Whether you have been testing for years or you are just getting started, building a successful website optimization program depends on careful planning, implementation, and measurement.
This is the second in a three-part series of articles that look at the steps involved in creating a successful optimization program. Part 1 discussed how to plan your testing and implementation program. In this article, we'll outline four key steps you'll need to take to implement your optimization program:
- Clearly define success and failure.
- Ensure good test design.
- Clarify your testing timeline.
- Test different audience segments.
Clearly define success and failure
A common disappointment among companies deploying testing and optimization technology stems from tests that fail to produce the type of gains expected. Seemingly without rhyme or reason, even the most dramatic design changes yield "no significant differences" in simple measures such as click-through and even less for more involved downstream metrics such as conversion rate.
Though that is the reality of testing, much of the disappointment stems from a lack of attention to the definition of "success" and "failure" as the design or changes are implemented.
Success in testing can be measured many different ways:
- For some, "success" is a dramatic increase in a revenue-based metric, knowing that most senior stakeholders will respond to incremental revenue.
- For others, "success" is a small increase in key visitor engagement metrics, knowing that a series of small gains eventually adds up.
- For still others, "success" is a reduction in the number of problems present throughout the site, knowing that reducing barriers improves usability.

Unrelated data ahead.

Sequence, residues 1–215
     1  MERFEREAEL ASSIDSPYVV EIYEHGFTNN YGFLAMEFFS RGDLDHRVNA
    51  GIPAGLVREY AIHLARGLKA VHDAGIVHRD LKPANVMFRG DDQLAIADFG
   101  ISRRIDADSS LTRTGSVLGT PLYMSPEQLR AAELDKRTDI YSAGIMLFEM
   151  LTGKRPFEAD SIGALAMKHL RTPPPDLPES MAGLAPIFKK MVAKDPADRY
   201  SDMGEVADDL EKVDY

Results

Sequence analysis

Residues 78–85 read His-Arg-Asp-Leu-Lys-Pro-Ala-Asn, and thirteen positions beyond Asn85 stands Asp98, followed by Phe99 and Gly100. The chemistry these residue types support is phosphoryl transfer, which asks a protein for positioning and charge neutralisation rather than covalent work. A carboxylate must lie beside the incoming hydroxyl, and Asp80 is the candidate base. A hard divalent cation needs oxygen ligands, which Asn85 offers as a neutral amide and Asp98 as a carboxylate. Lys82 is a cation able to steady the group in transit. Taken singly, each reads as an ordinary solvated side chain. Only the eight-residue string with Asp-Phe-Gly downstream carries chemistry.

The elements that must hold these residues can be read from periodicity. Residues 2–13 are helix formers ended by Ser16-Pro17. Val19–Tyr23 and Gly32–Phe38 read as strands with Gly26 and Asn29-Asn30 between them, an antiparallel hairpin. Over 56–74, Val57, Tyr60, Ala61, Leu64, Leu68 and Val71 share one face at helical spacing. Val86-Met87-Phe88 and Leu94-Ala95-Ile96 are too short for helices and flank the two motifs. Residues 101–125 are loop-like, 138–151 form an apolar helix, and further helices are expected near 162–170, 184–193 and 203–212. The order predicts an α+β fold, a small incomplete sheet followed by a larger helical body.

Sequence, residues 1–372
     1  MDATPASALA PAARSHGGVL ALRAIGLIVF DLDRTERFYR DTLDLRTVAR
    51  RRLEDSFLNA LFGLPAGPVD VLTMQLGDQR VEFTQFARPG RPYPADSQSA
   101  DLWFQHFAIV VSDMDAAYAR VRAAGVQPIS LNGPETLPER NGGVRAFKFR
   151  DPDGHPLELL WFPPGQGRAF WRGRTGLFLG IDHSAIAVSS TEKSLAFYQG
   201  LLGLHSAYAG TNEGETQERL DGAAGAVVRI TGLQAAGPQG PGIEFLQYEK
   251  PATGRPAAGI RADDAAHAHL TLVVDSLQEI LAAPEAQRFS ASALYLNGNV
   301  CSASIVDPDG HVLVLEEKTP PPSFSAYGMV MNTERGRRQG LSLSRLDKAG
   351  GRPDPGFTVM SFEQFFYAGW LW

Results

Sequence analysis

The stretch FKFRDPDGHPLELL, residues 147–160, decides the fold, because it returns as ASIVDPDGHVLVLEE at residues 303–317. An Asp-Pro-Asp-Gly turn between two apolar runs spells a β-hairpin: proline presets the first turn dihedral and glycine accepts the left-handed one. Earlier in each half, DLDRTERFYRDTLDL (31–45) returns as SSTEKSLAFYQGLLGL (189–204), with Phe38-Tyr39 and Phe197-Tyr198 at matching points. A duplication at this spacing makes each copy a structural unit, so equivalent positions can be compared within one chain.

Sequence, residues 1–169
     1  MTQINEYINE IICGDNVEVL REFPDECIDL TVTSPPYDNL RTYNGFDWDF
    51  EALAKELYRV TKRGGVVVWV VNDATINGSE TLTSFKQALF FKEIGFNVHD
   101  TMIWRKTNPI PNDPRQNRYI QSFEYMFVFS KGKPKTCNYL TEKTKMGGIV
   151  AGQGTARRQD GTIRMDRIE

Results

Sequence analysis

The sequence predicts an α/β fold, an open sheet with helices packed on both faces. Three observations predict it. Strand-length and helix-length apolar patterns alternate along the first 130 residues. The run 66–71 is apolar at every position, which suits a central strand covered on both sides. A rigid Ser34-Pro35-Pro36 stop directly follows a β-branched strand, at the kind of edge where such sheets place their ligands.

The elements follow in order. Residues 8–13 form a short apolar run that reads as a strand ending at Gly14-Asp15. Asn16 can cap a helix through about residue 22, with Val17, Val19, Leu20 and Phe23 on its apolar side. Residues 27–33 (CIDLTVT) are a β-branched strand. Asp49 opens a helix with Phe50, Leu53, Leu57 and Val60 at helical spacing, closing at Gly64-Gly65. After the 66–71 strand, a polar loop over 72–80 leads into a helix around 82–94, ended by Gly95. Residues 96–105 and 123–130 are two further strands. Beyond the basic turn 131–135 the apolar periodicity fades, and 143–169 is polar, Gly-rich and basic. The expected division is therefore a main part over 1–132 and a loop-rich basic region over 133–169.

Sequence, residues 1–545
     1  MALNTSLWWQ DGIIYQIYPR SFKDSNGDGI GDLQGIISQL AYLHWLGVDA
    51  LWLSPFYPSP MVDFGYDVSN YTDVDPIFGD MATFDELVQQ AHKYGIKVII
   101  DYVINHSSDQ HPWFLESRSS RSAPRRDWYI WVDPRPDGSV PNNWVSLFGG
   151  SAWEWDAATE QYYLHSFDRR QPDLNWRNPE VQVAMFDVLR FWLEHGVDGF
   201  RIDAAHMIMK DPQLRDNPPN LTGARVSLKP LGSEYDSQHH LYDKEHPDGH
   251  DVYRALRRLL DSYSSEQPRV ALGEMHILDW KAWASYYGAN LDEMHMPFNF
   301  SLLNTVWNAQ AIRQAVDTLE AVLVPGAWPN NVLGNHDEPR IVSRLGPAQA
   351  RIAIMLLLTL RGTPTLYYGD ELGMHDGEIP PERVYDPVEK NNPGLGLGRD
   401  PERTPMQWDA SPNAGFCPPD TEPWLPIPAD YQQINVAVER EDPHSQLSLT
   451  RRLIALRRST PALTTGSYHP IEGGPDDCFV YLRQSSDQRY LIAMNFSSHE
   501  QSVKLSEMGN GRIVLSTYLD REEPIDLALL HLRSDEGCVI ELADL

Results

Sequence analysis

- For some, especially those with an increasingly dated site, "success" is simply being able to deploy a new look without a negative impact on key performance indicators.
A lack of success in testing is often viewed as a failure on someone's part, but that is rarely the case. In reality, testing powers a continual learning process about your visitors and customers. If a particular image fails to increase conversion rates, you have learned that your audience does not respond to that particular image. If subsequent testing reveals that variations of the same image yield similar results, then you learn something about your audience's reaction to the image's content. In that context, there is no such thing as "failure" in testing—only a failure to achieve the specific defined objective.
Keep in mind that not every test can yield incremental millions in revenue for your business. Some tests will fail to produce the change desired; others will yield results but not across the key performance indicators; and still others will simply fail to produce statistically relevant differences.